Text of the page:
The pressurization and air conditioning systems work great, supplying fresh, conditioned air but . . . the humidity is very, very low because the source air at altitude is exactly that way. So, if you as a passenger aren’t drinking water constantly–you’re going to feel the effects of dehydration quickly at altitude.

The last of the major but often underestimated stress factors is also obvious but insidious: noise and vibration. Consider the basic fact that each engine on a 737 weighs over a ton and each has a core that spins at over 30,000 RPM at idle power. At cruise power, the vibration is subtle but distinct, transmitted through the airframe to everything and everyone on board.

That has a physical side effect added onto the motion effects of flight: pitch and roll changes in combinations you don’t experience on Earth. Like trains, ships and cars on a rough pavement, vibration is transmitted to your body and has a wearing, fatiguing effect.

Noise? Absolutely: there is a layered level of noise from engines, airstream outside and air flow inside that is both fatiguing and cumulatively, wearing.

What can you do about these three factors that can literally wear you out as you travel by air? Let’s start with the last factor: noise. This one has a really easy solution:

Earplugs. The foam kind, available in any hardware store. We use them in the cockpit all the time, because wind noise in the pointy end is much louder than in the back, depending on altitude and speed. They’re disposable, they’re cheap–and they work. You can still hear normal conversation just fine and the important thing is that they will reduce the fatigue level you will feel after a long flight. Try them on your next flight.

Low humidity? This is tied to the altitude effects as well, and this is a simple solution as well: hydration. Certainly on board you should be drinking plenty of water (yes, you’ll have to bring water with you–it’s available in airports everywhere; if you’re really cheap, just bring a bottle and refill it at a water fountain in the airport) but also, you need to think ahead.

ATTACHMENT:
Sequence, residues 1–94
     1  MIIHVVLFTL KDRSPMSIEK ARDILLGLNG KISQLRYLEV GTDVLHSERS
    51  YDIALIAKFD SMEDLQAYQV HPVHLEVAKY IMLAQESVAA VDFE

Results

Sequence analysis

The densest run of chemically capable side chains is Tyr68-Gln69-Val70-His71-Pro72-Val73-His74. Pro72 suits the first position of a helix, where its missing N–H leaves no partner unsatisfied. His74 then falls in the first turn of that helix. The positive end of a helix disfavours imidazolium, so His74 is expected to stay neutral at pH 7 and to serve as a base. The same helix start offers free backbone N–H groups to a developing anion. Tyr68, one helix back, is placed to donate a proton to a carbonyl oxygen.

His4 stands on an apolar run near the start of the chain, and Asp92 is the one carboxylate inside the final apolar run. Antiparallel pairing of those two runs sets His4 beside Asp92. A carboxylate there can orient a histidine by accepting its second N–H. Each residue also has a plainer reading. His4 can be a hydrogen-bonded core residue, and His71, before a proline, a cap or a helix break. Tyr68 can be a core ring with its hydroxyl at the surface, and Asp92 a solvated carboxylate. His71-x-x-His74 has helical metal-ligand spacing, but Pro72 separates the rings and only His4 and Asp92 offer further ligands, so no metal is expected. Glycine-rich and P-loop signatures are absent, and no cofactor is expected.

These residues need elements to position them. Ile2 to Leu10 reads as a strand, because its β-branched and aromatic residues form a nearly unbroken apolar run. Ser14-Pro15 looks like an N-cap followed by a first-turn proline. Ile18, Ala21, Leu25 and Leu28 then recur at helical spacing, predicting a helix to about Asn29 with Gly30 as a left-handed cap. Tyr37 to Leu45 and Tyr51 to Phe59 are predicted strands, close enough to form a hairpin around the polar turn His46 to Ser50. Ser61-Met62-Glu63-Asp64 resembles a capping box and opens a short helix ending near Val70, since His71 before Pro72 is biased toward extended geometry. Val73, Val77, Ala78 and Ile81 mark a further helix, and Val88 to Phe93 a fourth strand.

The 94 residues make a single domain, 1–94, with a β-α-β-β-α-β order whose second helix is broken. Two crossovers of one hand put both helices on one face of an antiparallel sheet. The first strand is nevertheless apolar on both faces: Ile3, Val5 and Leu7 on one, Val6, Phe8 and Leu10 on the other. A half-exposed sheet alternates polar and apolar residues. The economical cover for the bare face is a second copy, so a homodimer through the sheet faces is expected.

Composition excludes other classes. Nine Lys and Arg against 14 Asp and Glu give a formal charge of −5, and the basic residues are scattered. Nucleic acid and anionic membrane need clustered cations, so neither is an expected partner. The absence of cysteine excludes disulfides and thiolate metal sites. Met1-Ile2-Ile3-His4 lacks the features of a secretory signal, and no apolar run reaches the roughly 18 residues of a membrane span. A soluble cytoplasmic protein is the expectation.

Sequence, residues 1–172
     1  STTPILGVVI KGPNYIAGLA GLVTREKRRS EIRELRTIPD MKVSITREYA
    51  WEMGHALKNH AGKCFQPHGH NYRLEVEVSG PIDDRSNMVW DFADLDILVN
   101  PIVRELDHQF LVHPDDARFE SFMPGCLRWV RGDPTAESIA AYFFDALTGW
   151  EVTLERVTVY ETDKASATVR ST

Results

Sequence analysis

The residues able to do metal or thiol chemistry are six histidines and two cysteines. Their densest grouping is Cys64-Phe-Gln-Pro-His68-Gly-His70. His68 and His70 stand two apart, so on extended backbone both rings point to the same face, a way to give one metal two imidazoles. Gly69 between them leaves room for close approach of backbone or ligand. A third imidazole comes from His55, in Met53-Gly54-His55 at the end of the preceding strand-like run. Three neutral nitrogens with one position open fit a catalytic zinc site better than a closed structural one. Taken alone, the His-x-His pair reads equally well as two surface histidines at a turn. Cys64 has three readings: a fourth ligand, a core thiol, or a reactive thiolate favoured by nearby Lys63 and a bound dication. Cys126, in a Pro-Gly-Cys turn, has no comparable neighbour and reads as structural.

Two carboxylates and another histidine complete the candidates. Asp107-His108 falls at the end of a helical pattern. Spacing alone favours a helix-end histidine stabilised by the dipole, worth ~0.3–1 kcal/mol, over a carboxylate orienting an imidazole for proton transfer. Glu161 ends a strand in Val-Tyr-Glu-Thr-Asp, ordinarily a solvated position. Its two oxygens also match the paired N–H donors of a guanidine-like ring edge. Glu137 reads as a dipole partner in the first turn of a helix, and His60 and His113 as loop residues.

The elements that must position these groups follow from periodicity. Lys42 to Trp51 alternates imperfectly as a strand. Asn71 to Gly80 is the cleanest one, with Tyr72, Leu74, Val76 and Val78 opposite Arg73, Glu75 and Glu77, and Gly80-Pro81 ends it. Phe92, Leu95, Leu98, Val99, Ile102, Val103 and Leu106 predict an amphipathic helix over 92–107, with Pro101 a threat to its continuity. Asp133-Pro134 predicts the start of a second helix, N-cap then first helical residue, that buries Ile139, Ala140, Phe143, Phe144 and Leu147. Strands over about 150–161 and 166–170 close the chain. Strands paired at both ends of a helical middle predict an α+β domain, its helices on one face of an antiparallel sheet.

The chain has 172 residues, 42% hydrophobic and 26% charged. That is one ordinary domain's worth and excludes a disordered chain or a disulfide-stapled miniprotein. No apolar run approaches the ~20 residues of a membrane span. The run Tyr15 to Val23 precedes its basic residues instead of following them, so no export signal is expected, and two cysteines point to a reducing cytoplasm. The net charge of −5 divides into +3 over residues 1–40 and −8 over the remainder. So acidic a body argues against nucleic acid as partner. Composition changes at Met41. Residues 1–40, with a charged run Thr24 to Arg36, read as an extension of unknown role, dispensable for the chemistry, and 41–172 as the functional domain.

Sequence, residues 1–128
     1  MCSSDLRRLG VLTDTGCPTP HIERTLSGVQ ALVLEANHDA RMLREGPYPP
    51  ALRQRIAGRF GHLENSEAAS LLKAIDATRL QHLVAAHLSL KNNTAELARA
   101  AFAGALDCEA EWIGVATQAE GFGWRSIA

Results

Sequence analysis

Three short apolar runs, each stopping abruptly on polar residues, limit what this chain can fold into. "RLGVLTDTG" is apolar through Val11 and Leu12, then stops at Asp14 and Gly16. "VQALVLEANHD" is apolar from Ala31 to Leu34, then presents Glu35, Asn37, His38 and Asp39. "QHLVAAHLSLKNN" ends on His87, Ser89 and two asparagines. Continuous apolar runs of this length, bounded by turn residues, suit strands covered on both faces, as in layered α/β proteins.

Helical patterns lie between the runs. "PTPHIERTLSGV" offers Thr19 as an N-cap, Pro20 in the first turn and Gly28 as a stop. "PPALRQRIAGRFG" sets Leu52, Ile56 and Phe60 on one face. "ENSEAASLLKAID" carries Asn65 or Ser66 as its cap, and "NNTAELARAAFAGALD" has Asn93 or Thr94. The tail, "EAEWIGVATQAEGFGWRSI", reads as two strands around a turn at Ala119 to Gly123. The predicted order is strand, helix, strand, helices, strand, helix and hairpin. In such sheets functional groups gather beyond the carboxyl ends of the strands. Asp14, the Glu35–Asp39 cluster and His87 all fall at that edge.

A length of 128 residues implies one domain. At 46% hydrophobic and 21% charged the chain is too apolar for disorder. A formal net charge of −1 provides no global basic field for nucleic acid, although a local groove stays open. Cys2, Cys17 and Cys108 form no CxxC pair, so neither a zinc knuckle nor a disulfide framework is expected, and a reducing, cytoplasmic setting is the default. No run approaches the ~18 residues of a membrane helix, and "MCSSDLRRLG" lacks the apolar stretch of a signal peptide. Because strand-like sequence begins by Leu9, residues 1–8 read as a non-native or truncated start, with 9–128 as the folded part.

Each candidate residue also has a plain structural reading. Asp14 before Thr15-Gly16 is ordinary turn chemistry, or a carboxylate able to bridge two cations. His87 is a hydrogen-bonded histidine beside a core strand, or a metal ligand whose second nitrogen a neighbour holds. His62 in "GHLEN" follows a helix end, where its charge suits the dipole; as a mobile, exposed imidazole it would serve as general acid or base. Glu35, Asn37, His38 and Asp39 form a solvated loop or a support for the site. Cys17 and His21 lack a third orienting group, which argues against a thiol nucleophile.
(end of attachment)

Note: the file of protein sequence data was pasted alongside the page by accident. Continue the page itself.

Like the preparation for a marathon, you need to stay well-hydrated the day and night before the event.

If you step on board marginally hydrated or actually slightly dehydrated, the 2% humidity at cruise altitude will outpace any attempt you make to catch up, much less keep up. Coffee? Alcohol? Diuretic soft drinks? See photo above.

Finally, the high altitude effects of cruise flight. The good news is, going forward, that the next generation aircraft like the 787 “Dreamliner” are capable of maintaining significantly lower cabin altitudes during cruise. This is very important on long flights and the fact that Boeing designers recognized this passenger stress factor and have designed a way to minimize the effects underscores my original point about the stress.

For now, though, the best you can do is to deal with the other two key stress factors–hydration and noise–and simply try to be in decent physical shape: those who are suffer less with the stress of altitude exposure.

In the final analysis, you can’t completely avoid the physical stress of air travel without avoiding air travel itself. But, if you are a savvy traveler, you can at least recognize the effects and take simple steps to minimize the effects of air travel on your body and ultimately, your trip.

Bon voyage.